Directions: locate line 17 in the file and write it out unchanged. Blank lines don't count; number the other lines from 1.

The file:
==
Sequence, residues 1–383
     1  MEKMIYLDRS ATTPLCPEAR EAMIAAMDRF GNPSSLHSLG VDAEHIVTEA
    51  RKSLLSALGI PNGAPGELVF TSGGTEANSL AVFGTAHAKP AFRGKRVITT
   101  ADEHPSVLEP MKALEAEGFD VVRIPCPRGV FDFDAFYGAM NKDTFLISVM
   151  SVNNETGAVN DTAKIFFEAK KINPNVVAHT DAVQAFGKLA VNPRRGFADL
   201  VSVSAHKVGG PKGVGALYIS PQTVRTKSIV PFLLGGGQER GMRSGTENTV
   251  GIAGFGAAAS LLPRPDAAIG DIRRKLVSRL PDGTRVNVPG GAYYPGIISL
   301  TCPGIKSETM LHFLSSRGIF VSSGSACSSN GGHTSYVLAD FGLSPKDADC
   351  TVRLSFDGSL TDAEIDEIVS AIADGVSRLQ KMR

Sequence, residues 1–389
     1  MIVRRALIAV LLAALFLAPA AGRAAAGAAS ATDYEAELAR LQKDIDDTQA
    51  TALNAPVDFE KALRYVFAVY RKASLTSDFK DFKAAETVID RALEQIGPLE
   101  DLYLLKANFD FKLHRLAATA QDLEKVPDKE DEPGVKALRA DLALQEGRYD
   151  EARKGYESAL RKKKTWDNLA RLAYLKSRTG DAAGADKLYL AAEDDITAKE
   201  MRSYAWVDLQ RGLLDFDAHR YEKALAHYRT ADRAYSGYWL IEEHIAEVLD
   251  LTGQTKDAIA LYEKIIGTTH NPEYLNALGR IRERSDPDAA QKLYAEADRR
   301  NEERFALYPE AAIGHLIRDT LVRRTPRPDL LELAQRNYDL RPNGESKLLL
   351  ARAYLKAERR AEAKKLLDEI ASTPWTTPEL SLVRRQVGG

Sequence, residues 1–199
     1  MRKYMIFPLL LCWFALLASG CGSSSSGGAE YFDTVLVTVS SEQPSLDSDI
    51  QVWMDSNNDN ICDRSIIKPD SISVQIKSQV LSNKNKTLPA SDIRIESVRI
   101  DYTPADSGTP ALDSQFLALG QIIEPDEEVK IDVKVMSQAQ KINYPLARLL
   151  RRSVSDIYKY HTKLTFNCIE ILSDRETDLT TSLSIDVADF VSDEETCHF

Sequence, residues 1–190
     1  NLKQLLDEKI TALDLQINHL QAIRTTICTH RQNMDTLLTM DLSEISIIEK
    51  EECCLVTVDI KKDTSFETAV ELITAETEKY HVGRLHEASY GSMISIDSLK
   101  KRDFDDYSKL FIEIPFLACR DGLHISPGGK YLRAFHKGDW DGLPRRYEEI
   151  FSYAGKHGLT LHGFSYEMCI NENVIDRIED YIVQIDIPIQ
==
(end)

   301  NEERFALYPE AAIGHLIRDT LVRRTPRPDL LELAQRNYDL RPNGESKLLL